This Forgotten Remedy Can Detox the Heart and Relax the Nervous System
There is compelling indication that the best plant remedy for heart disease was already discovered over 150 years ago. Unfortunately, today even alternative medicine has forgotten about ouabain.
A brief summary of the ‘ouabain story’…
In 1861, on the famous Livingstone expedition in Africa, the English botanist John Kirk experienced the sudden disappearance of his heart problems after brushing his teeth. Curious to find an explanation, he noticed that his toothbrush had been in contact with seeds he’d collected from the indigenous people. They used these seeds, from the strophanthus plant, to create a deadly arrow poison.
Back in Europe, these seeds were analyzed and the extracted ‘g-Strophantin’ (the English word for the compound g-Strophantin) was introduced in Germany as a potent heart remedy in the early 20th century.
The advocates — highly respected researchers and authorities in medicine — called ouabain one of the greatest breakthroughs in heart medicine. Ouabain was labeled “the insulin of the heart” and in the 1930’s, E. Edens, the most renowned German heart specialist of the time and Nobel Prize winner announced that “The time will come, in which failure to timely start ouabain therapy will be condemned as medical malpractice.”
Dr. Sroka, a German physician who has been treating many of his patients with this remedy over the last 30 years mentions a few examples that illustrate the unprecedented effects of ouabain:
A clinic in West Berlin in 1984 treated 148 patients suffering from angina pectoris with ouabain capsules. Before the treatment was started their usual medication with beta blockers, calcium ‘antagonists’ and nitrates were stopped. After one week, 122 patients were free from angina complaints, after two weeks it was 146 of them. The side-effects of the previous medication, headaches, dizziness, lack of appetite and circulatory problems were gone. Two patients discontinued the treatment due to intestinal problems.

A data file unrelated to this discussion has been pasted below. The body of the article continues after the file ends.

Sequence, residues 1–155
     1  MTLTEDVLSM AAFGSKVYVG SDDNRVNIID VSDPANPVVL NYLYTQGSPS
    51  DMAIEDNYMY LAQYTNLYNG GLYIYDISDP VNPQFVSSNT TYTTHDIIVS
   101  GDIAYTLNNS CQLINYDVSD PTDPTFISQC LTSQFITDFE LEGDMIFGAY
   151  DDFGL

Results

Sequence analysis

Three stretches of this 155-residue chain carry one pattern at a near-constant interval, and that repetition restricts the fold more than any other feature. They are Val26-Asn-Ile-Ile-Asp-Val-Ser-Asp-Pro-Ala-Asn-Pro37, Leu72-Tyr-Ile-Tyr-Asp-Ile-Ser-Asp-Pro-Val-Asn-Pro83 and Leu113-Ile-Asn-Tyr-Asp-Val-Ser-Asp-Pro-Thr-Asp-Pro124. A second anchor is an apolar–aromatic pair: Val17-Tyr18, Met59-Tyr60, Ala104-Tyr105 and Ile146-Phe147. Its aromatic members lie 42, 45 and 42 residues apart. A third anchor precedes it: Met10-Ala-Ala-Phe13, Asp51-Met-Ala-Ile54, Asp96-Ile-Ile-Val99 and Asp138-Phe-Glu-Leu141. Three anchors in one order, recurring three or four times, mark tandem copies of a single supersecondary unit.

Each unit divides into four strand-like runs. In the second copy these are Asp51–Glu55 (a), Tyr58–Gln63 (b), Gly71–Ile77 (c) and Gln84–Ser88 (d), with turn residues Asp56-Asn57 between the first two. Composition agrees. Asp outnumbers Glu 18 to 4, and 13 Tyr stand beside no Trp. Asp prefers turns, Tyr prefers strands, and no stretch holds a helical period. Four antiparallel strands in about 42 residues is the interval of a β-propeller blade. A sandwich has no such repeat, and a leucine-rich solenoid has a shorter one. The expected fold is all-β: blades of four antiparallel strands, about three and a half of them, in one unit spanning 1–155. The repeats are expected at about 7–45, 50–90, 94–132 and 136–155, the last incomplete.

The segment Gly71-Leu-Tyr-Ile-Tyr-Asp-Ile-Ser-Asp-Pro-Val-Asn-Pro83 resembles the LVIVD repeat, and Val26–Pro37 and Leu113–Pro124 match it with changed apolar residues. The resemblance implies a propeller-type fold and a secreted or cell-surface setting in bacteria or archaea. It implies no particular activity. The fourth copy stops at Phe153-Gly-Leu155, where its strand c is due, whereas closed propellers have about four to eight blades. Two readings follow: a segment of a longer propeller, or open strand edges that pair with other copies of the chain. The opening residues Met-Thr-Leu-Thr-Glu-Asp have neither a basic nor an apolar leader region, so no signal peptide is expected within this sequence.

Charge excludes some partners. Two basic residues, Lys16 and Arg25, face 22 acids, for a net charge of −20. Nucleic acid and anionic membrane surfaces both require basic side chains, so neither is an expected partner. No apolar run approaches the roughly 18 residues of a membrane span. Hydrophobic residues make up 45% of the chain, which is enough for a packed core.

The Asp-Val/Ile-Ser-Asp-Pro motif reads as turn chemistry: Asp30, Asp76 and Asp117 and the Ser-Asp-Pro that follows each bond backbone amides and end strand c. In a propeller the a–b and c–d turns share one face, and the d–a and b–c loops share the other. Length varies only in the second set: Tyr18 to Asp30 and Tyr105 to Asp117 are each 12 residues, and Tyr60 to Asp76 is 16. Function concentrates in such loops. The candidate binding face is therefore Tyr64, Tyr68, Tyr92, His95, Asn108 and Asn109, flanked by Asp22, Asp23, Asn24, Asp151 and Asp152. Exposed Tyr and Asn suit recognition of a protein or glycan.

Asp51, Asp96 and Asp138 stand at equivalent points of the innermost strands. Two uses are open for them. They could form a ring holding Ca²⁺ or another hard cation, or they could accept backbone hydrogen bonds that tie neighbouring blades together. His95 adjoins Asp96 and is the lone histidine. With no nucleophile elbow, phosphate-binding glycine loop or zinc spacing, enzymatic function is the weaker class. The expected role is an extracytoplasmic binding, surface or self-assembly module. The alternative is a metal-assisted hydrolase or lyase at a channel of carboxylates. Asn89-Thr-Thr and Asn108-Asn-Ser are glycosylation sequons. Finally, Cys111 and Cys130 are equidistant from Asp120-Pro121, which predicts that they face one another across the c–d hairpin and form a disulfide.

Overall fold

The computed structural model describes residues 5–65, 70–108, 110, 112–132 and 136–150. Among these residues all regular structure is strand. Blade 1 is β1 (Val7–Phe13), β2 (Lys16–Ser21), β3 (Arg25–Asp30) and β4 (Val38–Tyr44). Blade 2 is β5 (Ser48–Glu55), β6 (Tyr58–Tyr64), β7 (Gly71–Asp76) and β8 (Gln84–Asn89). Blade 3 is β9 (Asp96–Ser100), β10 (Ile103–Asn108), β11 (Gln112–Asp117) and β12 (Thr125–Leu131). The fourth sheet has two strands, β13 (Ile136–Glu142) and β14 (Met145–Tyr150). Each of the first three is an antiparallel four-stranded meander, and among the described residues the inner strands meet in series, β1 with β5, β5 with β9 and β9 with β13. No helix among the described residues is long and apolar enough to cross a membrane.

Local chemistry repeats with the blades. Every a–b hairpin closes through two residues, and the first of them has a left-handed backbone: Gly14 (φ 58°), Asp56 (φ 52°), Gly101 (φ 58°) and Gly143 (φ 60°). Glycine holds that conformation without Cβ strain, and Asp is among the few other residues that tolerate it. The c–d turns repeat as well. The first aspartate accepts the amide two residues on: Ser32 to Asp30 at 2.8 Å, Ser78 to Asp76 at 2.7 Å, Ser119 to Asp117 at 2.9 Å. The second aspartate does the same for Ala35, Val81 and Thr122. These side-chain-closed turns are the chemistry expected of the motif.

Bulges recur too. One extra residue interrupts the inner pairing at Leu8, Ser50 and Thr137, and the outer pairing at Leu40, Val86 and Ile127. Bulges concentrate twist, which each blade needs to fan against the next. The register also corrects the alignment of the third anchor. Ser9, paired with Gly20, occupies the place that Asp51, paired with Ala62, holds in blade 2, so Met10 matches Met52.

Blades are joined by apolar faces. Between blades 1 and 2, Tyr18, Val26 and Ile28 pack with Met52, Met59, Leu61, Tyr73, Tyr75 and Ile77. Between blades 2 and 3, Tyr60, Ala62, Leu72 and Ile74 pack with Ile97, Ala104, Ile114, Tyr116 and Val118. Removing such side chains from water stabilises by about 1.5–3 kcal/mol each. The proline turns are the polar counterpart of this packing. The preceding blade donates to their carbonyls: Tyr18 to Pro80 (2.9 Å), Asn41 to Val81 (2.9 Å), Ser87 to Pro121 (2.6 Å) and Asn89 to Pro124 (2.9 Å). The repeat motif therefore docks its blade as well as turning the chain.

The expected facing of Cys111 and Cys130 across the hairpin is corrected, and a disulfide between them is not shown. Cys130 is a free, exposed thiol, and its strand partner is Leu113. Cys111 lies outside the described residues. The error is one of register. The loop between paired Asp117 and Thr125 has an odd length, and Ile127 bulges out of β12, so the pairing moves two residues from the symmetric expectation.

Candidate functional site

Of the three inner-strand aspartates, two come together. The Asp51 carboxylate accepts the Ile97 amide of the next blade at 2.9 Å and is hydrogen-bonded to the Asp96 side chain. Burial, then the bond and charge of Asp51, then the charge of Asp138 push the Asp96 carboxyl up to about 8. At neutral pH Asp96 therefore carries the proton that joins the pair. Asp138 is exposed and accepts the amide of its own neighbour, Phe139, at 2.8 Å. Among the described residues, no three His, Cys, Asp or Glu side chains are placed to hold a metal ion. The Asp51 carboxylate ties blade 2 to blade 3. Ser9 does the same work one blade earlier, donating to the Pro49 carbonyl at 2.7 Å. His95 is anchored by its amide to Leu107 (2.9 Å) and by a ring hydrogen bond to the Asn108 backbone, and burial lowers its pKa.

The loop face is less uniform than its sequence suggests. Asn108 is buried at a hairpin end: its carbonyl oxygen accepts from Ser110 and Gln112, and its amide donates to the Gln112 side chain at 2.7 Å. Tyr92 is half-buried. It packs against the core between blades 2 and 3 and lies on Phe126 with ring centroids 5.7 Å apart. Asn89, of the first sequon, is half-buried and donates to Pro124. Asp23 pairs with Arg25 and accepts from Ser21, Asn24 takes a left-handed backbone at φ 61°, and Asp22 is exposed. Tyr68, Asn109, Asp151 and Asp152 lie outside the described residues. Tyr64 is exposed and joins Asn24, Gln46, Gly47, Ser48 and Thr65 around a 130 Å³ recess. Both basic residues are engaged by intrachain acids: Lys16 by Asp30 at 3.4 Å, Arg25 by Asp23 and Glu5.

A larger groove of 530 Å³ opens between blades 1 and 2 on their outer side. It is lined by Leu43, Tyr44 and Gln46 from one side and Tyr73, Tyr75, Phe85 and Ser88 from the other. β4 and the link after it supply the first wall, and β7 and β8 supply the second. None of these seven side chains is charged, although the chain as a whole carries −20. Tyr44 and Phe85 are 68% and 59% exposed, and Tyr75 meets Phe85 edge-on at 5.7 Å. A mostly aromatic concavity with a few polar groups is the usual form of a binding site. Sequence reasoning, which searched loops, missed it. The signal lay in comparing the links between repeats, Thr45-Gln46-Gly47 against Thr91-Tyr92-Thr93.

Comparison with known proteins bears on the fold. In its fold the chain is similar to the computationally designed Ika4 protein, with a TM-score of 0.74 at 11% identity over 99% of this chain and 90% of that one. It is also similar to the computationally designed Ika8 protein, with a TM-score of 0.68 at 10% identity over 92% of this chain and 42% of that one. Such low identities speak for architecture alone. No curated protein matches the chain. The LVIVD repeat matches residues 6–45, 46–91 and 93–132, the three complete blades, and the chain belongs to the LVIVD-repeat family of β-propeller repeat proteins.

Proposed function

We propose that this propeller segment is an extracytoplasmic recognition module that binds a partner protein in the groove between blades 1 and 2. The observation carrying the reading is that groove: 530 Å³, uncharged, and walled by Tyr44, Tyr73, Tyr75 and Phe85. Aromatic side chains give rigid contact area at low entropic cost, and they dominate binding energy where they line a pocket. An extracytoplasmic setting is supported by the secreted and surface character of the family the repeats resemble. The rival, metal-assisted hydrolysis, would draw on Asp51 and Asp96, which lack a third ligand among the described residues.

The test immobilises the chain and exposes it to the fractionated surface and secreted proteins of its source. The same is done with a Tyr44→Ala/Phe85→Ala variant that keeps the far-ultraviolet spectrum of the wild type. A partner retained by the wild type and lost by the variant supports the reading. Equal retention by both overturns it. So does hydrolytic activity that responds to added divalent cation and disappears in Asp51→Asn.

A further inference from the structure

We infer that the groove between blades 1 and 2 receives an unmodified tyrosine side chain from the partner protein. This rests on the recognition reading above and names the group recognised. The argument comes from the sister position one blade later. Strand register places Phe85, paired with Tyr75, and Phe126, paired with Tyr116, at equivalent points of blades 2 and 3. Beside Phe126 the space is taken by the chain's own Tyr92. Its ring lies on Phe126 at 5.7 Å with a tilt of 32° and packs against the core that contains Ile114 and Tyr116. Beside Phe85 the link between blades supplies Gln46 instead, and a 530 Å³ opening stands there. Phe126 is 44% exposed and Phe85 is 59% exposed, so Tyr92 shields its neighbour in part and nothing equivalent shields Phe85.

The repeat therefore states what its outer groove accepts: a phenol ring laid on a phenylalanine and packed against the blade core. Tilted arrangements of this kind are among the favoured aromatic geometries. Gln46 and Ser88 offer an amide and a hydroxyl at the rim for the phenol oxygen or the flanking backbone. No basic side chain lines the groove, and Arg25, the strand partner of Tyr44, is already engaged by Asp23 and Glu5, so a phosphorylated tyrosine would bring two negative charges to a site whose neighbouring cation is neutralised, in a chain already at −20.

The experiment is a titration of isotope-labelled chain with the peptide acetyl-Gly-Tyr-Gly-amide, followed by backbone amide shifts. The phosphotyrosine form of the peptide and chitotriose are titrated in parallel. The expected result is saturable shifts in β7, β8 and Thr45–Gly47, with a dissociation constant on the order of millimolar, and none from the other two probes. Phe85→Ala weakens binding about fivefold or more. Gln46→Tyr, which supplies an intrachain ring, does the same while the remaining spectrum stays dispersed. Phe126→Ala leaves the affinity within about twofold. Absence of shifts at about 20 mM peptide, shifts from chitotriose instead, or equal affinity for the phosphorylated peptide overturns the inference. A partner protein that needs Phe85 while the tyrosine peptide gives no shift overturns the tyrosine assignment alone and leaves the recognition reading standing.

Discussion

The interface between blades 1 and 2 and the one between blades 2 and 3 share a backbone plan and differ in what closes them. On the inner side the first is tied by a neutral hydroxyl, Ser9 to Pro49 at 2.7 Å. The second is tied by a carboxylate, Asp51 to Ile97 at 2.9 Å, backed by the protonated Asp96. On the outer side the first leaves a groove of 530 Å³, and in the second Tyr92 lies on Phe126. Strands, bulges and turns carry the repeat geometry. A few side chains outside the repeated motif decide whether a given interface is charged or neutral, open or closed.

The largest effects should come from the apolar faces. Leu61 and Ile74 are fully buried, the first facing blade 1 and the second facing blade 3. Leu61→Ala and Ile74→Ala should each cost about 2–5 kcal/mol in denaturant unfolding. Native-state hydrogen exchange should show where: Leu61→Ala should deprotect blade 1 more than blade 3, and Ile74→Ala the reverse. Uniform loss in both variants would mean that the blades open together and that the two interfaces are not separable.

In the early 1970s, a large coal mine with 1800 underground workers in Germany had an average of three deaths by heart attack per year. In 1974, their company doctor decided to implement an emergency treatment administered by trained helpers with ouabain capsules for those in need. In the following 10 years, there were 2 deaths by heart attack instead of the usually expected 30 deaths. In one case the worker could not get his ouabain capsule.
Dr. Sroka emphasizes that “Ouabain made it possible to drastically cut the rate of death by heart attack in this large coal mine and almost reduced it to zero. This is exemplary!”.
Ouabain was used for many decades in German medicine with unprecedented results for heart treatments. But in 1971, despite these and many other examples of the usefulness of ouabain treatment, the medical establishment publicly declared it to be ineffective and even toxic. There were several factors that led to this remedy being condemned, neglected and finally forgotten, ranging from changes in the market regulations, new drug developments, obedience to established dogmas and an emotionally heated debate about the real cause of heart attacks.
Dr. Fuerstenwerth, the expert on ouabain science, explains what makes this plant remedy so special: